What has been your greatest WFIO (we’re f*****, it’s over) moment so far?

I’ve never had a moment where I’ve truly thought that it was over. Perseverance and the ability to approach every problem that comes your way as a challenge to overcome is key to success. You just have to solve one problem at a time. Having said that, there have been a lot of tough OMG, WTF! moments- sometimes, even tears and “I can’t get out of bed today” moments.  One of our earliest setbacks that hurt the most was when we lost one of our pilot vendors before we even launched. When you put your heart and soul into building something, and someone tells you it’s not good enough, it’s hard not to take it personally. Now when a situation like that happens, I try to separate it from my personal feelings of self worth, learn from it, and move on.

What has been the most exciting moment so far?

I delight in every win, big or small. I still get really excited about every sale, every press mention that we get. The most exciting though was when we got our very first sale from someone who was not a friend or a friend of a friend. It’s an awesome feeling when someone finds value in your product or service! I was also really excited when we were selected by the Washington, D.C. government to represent fashion in their Creative Economy campaign. It helped to validate STYLECABLE and the broader impact we were making in city. Additionally we got a chance to see President Obama when he visited our co-working space that we were working out of. That was pretty cool and a nice perk of working in D.C.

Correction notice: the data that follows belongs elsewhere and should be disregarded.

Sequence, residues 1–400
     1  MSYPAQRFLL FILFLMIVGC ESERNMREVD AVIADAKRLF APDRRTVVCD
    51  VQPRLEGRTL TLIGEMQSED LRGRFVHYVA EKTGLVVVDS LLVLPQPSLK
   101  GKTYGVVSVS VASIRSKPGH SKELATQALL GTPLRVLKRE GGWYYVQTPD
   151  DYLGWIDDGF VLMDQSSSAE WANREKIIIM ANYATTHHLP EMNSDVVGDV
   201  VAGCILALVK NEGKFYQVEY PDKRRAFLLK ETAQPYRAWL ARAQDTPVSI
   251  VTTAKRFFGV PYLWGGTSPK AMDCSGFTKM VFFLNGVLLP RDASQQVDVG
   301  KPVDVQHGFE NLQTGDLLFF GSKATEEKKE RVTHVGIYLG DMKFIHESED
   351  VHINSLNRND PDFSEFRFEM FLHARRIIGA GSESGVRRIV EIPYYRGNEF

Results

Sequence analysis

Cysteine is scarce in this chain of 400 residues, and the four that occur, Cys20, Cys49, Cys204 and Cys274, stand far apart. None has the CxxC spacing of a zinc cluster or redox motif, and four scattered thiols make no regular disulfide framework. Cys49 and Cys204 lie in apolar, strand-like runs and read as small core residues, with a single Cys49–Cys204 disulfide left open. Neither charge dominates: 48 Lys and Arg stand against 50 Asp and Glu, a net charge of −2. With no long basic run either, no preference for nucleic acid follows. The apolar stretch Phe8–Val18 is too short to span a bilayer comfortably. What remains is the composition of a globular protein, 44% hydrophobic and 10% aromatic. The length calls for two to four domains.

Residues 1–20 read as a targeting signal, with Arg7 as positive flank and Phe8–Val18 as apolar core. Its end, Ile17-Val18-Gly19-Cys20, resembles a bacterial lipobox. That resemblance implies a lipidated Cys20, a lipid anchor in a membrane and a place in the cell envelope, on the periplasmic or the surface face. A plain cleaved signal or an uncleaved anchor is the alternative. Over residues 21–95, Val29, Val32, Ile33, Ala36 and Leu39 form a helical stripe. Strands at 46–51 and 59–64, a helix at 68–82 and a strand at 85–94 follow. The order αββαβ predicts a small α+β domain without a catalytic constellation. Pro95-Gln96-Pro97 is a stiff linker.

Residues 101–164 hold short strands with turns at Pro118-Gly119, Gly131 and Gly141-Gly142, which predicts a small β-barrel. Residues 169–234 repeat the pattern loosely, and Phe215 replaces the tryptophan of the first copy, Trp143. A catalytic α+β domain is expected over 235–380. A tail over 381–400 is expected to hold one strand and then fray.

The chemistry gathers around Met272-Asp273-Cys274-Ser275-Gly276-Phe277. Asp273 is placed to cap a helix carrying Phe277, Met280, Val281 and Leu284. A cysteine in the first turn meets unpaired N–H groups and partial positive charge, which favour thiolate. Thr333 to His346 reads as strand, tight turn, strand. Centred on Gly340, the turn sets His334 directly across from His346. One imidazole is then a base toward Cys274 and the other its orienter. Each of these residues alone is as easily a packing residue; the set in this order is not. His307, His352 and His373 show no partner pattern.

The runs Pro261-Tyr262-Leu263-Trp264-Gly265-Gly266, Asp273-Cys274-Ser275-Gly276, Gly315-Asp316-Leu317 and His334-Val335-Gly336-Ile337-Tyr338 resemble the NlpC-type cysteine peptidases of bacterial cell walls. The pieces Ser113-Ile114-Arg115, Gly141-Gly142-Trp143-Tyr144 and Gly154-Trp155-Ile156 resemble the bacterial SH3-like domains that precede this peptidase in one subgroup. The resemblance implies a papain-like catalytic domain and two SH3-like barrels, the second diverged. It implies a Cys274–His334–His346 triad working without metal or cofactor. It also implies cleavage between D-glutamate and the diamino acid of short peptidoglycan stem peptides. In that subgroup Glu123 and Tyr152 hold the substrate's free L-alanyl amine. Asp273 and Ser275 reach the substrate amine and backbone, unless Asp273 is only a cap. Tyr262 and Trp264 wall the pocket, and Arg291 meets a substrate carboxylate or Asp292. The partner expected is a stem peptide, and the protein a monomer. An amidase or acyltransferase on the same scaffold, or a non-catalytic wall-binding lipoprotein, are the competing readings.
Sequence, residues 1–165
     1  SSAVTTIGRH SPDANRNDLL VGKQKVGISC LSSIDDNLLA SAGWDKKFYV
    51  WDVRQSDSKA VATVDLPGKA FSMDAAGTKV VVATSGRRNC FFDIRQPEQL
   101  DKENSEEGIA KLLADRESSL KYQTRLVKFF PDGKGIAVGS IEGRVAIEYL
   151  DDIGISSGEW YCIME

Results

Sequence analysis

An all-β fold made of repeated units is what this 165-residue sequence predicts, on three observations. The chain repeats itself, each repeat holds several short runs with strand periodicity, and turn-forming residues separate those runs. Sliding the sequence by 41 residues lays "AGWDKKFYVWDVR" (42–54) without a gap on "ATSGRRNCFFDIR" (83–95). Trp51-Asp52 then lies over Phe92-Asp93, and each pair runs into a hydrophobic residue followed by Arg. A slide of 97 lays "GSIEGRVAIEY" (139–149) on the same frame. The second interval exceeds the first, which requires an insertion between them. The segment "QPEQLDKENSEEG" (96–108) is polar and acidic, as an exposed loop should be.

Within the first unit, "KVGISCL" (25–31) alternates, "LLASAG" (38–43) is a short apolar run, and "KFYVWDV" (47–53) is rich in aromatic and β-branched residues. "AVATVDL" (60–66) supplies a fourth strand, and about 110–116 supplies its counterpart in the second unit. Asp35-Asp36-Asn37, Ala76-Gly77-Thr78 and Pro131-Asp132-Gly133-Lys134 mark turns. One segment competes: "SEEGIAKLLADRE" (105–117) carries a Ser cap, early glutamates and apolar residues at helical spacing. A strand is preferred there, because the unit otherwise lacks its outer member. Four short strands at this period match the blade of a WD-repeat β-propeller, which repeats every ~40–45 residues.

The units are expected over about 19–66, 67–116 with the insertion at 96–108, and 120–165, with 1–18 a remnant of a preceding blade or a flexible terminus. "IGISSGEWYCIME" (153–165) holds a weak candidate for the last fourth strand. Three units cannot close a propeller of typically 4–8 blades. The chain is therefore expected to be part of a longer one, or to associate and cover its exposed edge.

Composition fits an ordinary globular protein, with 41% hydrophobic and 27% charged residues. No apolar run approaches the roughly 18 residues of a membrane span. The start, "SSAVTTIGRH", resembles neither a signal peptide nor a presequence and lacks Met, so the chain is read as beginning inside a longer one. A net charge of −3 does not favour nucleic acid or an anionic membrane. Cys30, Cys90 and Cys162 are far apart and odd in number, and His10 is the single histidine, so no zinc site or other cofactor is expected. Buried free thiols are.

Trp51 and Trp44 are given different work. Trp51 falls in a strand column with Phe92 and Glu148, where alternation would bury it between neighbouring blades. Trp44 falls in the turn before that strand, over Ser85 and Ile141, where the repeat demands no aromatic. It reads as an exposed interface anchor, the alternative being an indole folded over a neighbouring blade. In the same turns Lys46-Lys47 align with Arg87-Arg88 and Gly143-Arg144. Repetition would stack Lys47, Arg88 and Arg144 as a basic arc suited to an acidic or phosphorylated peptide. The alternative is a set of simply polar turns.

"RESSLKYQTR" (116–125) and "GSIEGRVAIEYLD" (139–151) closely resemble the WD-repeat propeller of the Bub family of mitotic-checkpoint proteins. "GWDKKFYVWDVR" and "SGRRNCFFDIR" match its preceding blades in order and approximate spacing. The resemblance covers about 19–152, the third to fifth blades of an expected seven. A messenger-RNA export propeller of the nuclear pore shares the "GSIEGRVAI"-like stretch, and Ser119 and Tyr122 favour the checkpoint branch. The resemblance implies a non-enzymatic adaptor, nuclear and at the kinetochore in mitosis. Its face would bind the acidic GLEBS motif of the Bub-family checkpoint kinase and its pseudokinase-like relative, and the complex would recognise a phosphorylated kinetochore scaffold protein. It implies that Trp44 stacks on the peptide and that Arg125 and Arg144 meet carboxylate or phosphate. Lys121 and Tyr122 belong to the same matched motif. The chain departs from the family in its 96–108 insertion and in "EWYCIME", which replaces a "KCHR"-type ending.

What resources have been most helpful to you in starting up?

Entrepreneurship can be a really lonely journey, so I’ve really appreciated the support I’ve received from my network of professional and personal contacts. Whether it’s helping to spread the word about STYLECABLE, making a connection, or questioning the business model, the people around have pushed me to where I am today.

I also joined groups such as the 1776 tech coworking space in DC, which opened up my network and tremendous opportunities. I am also a member of HerCorner, a community of female entrepreneurs which has been a fantastic professional development and support network. I would highly recommend that entrepreneurs join mastermind groups, co-working spaces, and professional organizations to learn from others and expand your resources.